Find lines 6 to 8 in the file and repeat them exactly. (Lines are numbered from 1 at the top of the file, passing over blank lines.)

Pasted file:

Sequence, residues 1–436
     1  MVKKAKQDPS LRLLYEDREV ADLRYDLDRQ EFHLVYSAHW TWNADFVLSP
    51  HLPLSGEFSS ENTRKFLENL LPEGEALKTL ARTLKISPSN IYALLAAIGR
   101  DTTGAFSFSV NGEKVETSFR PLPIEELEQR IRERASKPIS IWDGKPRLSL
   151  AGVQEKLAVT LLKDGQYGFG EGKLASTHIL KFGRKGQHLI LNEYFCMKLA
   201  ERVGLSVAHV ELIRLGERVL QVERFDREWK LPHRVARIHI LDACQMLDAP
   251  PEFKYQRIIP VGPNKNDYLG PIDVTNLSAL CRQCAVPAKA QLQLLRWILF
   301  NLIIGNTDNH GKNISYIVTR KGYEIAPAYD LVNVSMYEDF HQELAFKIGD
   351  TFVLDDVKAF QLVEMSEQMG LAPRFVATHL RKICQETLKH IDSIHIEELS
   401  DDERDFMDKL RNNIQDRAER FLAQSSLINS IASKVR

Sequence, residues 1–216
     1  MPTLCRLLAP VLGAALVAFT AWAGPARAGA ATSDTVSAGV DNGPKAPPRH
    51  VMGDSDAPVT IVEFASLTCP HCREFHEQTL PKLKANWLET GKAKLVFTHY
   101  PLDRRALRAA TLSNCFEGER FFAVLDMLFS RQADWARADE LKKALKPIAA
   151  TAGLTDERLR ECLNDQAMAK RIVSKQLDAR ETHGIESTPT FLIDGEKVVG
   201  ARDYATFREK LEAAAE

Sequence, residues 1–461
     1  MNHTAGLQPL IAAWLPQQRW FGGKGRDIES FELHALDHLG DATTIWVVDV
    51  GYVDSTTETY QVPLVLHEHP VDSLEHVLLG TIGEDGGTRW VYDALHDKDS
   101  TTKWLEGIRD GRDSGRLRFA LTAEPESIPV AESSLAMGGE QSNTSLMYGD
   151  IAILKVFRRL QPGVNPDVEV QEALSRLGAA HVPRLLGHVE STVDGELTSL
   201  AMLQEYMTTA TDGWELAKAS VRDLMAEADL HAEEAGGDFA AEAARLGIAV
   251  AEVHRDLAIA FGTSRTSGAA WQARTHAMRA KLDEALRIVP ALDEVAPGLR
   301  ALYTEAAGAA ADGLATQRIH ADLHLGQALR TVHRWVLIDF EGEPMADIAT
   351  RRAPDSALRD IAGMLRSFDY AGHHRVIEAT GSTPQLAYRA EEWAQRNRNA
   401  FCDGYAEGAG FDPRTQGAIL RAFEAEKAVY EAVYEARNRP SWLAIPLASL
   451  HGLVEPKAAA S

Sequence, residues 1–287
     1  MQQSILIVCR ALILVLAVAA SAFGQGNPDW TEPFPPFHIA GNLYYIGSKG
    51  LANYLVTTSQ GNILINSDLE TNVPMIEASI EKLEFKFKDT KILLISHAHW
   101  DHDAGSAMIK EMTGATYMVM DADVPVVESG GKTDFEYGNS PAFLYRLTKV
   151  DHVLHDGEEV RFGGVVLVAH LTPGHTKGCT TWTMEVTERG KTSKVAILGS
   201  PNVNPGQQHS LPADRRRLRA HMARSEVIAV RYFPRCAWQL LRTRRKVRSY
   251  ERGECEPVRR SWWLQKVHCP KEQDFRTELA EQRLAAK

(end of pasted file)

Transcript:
   201  ERVGLSVAHV ELIRLGERVL QVERFDREWK LPHRVARIHI LDACQMLDAP
   251  PEFKYQRIIP VGPNKNDYLG PIDVTNLSAL CRQCAVPAKA QLQLLRWILF
   301  NLIIGNTDNH GKNISYIVTR KGYEIAPAYD LVNVSMYEDF HQELAFKIGD